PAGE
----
Tipperary's Seamus Kennedy - a role model for club and county hurlers


Jeddy Walsh


Jeddy Walsh


Seamus Kennedy, St. Mary's Clonmel and Tipperary

Tipperary's Seamus Kennedy in action against Limerick in this year's Munster Senior Hurling Final.

On Sunday next at Croke Park, St. Mary’s (Clonmel) clubman, Seamus Kennedy, will be hoping for a starting position in the Tipperary defence facing Kilkenny in this year’s All-Ireland senior hurling final.

A member of the victorious Tipp team in 2016 -  also against Kilkenny -  the popular hurler and footballer with strong connections to The Nire, Newcastle and Clonmel, will strive to become the first St. Mary’s clubman to capture a second  All-Ireland senior hurling medal. Three years ago Seamus emulated the feat of Donncha Fahey in 2001 who up to then was the only ‘Mary’s Man’ with a coveted Celtic Cross.


During that 2016 campaign Seamus figured in every minute of Tipp’s championship action; however, this year his opportunities have been much more limited, featuring in just two of the six games so far. He started both the Munster final against Limerick and again against Wexford in that classic semi-final three weeks ago. Based on solid, no-nonsense, do-the-job hurling, Seamus deserves to hold his position to face ‘The Cats’ come 3.30 pm on Sunday.

At the recent press night Seamus was asked did that affect his preparations, is it harder to prepare?

“You’re always there training, and I suppose the panel and team is picked on what’s going on in training, and unfortunately I didn’t get picked a couple of times. But you just have to keep the head down and keep working hard and thankfully I got the nod the last day. It’s up to me in training for the next couple of weeks to hold onto that jersey.

“Obviously you always want to be playing but it’s a very competitive panel that we have at the minute,” added the St. Mary’s clubman.

Admirers of Seamus Kennedy, in either code whether hurling or football, will appreciate exactly what he brings to a team every time he crosses the white line. First and foremost Kennedy is a team player without equal, a teak-tough competitor whose focus is always more on the collective team than his own individual performance. As talented as he undoubtedly is, there is never any swashbuckling or showboating involved, only an honesty and focus in what he gives every time, no matter what the grade.

Kennedy’s formula isn’t anything magical though, it is based on an ethos of  fierce hard work and commitment and has been over many years now. It is an ethos that he proudly carries on and off the field of play. 

While many of his team mates  are hurlers out and out, Seamus is massively accomplished in both codes.

 Among the 26 year-old’s collection are an All-Ireland minor football medal (2011), three county senior football medals with Commercials, a Munster Senior Club medal  (2015), a Fitzgibbon Cup medal with Mary Immaculate (Limerick in 2016), a county intermediate  medal (St Mary’s, 2017) and of course his All-Ireland senior medal.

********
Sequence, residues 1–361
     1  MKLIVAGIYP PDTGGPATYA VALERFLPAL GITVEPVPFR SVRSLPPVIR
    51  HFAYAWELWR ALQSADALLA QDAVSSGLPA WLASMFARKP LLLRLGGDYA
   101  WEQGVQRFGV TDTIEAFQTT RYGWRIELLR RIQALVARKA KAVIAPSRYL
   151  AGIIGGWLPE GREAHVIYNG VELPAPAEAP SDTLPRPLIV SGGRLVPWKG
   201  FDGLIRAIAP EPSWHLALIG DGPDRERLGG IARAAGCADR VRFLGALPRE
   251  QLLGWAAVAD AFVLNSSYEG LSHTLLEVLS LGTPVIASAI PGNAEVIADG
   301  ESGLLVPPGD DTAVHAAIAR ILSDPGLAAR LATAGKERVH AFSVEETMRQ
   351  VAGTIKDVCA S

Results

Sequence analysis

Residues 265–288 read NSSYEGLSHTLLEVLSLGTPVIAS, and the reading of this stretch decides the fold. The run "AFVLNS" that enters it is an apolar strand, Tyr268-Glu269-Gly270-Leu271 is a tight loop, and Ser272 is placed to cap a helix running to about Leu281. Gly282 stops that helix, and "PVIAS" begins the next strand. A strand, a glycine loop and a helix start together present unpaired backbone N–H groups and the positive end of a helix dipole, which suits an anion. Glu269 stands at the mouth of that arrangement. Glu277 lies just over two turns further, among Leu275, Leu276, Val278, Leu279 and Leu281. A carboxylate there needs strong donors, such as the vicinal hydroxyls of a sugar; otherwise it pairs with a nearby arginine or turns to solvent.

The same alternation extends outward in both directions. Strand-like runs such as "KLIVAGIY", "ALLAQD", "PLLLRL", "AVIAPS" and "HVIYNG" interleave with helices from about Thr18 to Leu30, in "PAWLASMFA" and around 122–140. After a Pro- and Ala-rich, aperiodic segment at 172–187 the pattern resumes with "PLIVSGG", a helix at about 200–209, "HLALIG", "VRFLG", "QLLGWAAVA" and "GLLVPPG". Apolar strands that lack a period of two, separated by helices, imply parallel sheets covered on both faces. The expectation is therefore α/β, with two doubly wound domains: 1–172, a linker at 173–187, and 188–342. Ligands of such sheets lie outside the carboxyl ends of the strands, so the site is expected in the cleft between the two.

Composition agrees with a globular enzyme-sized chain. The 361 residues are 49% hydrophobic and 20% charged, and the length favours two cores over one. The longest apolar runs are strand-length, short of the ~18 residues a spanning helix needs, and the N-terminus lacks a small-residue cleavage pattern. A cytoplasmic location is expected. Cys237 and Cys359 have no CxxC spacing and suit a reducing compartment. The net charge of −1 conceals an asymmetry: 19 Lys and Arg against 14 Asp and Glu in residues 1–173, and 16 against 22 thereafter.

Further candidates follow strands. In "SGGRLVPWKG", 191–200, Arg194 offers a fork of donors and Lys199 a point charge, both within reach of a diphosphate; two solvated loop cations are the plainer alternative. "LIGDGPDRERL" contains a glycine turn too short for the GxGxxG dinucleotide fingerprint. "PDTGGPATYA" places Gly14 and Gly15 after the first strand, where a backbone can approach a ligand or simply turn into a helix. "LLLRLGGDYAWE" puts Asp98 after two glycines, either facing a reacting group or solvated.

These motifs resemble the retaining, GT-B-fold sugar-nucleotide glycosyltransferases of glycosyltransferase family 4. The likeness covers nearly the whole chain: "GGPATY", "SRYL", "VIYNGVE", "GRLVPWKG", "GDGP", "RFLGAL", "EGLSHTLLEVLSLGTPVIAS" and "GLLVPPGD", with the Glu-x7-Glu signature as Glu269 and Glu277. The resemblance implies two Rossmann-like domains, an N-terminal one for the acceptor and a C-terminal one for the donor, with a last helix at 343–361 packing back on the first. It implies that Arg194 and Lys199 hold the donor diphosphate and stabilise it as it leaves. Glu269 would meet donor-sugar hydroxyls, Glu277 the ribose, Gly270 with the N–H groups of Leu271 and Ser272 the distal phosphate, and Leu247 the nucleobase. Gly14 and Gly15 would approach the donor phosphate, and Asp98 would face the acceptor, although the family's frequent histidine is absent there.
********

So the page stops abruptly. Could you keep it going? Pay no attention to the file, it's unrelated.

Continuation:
Also, he has represented his county in both codes all the way through from minor to senior, and after an initial spell with the hurlers under Eamon O’Shea didn’t work out for him, Seamus committed fully to the county footballers for a period before getting the nod from former manager Michael Ryan to re-join the hurling panel.

Having qualified as an Irish teacher in Mary Immaculate in Limerick, a follow-up Masters at UCC  led Seamus down a different career path and for the past two years he has been working for  Dornan Engineering. There his role is in Business Development Ireland.

“Trying to get new work for the company in Ireland is basically what I’m at. The pharmaceutical and data centre sectors are our main areas of work at the minute. Clonmel man Brian Acheson is the main man and has been too good to me in all honesty. Brian has been brilliant to me long before working with Dornan’s as he’s been a massive supporter of Clonmel Commercials and Tipperary over the years as well as the town of Clonmel with regards employment.

 “Dornan employs roughly 1,400 people with a huge Clonmel/surrounding area and Tipperary contingent,” added Seamus.

St. Mary’s club chairman Ger Deely, who himself played for Tipperary in the All-Ireland minor hurling final of 1987, points out what Seamus Kennedy means to the St. Mary’s club and to hurling in  Clonmel.

“St. Mary’s Hurling Club are filled with pride that Seamus is involved in the All-Ireland Final next Sunday. Seamus is a shining example, that through dedication and perseverance your dreams will come true. He is a brilliant role model for the youth of Tipperary and in particular the young club players of St. Mary’s. Seamus contributes greatly to St. Mary’s and is always on hand to coach and inspire the next generation of young hurlers who wish to don the  famed blue and gold jersey,”  said Ger.

“All in St. Mary’s wish Seamus, his family and teammates the very best of luck on Sunday next in Croke Park. Up Tipp,” concluded the St. Mary’s chairman.

Finally, it was put to Seamus about a final against Kilkenny ?

“It’s a new final. Three years on, I don’t know if you can compare it to 2016, or compare it to 2014 or the 2009, 2010 or 2011 finals. I think that this is going to be a game on its own merits. That Kilkenny team has changed a lot, our panel has changed a lot.

“Will it be easy, absolutely not, it’s going to be absolutely savage, it’s an All-Ireland final against Kilkenny but look, it’s great,” concluded Seamus.